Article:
The trade-off theory is derived from the debate over the Modigliani-Miller theorem. Modigliani-Miller (1963) accounts for corporate income tax into their original theorem. This created a benefit for using debt as it shields taxable income. They argue that corporate tax allows for the deduction of interest payments in calculating taxable income. As a result, the use of debt will increase the firm’s after-tax cash flow. This means that profitable firms should use debt to shield their income from tax. This would imply that a firm would use 100% debt financing.
However, Modigliani-Miller (1958) failed to take into account the agency costs and bankruptcy costs associated with debt. Using debt carries additional risk, which means that it is not optimal to finance using debt alone. One of the main costs of debt is the threat of financial distress. These costs occur when a company uses so much debt that it cannot meet its financial obligations. According to Warner (1977) and Barclay et al. (1995), financial distress has both direct and indirect costs. These direct costs include legal and administrative costs of liquidation. Indirect costs could include the loss of customers and suppliers. Based on previous analysis by Bradley et al. (1984), firms with volatile earnings are more likely to face the costs associated with financial distress. This is because the possibility of a firms earnings dropping below their debt obligations is higher, meaning that these firms have less leverage. This makes it unattractive for firms to have too much debt.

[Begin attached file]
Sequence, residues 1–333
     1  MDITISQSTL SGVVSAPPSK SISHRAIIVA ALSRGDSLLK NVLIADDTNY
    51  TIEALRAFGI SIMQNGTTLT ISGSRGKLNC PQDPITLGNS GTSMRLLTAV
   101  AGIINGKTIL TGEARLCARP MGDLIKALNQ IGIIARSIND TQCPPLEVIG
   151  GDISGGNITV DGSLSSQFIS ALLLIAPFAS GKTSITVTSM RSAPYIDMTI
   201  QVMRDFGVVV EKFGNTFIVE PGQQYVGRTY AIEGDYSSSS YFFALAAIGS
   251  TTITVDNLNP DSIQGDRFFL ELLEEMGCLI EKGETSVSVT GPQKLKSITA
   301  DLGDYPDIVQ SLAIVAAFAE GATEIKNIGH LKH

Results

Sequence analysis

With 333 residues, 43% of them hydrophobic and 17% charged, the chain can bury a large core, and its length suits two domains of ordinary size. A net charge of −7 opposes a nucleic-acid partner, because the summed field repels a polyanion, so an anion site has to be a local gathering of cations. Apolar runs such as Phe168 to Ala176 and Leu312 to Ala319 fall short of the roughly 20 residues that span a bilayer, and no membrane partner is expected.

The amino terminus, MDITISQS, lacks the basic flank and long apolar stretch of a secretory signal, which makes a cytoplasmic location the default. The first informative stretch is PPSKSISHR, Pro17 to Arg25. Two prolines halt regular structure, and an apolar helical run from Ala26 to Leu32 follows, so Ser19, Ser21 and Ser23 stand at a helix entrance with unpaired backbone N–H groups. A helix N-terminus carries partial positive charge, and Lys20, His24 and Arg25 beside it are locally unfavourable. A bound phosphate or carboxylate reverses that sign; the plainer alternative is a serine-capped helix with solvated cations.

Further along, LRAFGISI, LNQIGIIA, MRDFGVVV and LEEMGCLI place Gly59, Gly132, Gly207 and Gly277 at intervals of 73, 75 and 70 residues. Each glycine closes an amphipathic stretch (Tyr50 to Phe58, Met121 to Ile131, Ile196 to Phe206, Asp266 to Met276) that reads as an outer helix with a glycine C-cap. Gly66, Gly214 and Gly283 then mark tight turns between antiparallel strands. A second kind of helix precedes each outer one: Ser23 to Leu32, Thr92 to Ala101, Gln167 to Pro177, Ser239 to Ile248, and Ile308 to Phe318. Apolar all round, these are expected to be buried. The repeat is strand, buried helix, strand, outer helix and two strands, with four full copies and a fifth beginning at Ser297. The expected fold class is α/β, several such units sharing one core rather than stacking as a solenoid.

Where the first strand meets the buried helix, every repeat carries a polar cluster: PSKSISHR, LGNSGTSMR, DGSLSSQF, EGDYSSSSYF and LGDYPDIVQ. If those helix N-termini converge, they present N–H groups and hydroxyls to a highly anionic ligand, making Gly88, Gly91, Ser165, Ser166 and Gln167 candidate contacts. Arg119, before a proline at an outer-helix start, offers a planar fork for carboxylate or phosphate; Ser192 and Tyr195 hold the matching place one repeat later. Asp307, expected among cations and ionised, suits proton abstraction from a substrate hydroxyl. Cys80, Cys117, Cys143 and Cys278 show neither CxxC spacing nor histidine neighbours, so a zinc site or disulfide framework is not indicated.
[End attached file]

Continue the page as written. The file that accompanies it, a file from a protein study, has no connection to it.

The trade-off theory can be broken down into two parts. The first is known as the static trade-off theory. Frank and Goyal (2005) , defines a firm to follow this if :
“A firm’s leverage is determined by a single period trade-off between the tax benefits of debt and the deadweight costs of bankruptcy.”
The trade-off theory goes back to Kraus and Litzenberger (1973), which implies that a firm evaluates the various...
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